Monday, October 17, 2011

Valuing mining stocks - long-term discounting

Mining stocks should be valued using a classic discounted cash flow analysis based on the life of the mine production times an expected price discounted by the expected cost of capital. 

The key variables that can further effect valuation include: include exchange rates, given many mining companies are outside the US and prices are often in dollars; capex which drain what is received by investors but also increase the potential supply; and dividends which are not reinvested in the commodity. The macro factors include the risk in the market and global growth which will translate into price variability. Of course, hedging is another variable in the mining equation, but if the mining company hedges, it is suggesting that they do not believe the price gain is permanent or that the volatility is high relative to what it expects.
This valuation of discounted cash flows is a long-term price risk not a short term inventory premium which is embedded in futures prices. Hence, futures will be  less correlated with mining stocks by being more sensitive to short-term dynamics. Temporary price moves will drive futures prices but will not have a large effect on mining stocks. Long-term or permanent price changes will have a strong effect on mining stocks but not on futures.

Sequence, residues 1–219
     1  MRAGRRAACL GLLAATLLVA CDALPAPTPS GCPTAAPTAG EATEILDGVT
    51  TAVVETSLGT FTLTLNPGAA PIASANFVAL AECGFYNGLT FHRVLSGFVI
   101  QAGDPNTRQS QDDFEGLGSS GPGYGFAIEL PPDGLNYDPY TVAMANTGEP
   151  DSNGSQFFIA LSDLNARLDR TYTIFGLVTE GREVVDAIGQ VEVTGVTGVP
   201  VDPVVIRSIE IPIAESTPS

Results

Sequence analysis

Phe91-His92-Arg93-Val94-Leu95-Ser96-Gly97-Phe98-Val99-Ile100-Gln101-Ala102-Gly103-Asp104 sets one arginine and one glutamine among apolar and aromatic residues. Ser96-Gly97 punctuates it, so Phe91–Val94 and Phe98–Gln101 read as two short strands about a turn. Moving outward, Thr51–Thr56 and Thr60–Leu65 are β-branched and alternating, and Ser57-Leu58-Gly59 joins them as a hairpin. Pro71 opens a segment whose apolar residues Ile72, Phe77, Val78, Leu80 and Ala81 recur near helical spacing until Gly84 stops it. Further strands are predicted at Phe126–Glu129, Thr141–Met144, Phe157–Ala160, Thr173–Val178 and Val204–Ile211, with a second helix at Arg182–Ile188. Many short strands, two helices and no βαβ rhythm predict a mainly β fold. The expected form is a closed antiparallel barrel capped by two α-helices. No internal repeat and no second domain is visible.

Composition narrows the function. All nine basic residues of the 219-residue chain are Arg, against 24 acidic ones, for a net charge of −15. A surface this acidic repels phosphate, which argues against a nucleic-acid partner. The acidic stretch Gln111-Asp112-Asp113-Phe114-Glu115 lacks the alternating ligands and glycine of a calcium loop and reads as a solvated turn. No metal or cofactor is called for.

If mining stock lag futures price returns, it means that the market is discounting the current movement in prices. In the case of gold, mining stocks are suggesting that there will not be the same increase in price as measured with futures. The discounted cash flows do not translate to the large short-term gains or loses with futures. There is a reason to hold both mining and futures positions.

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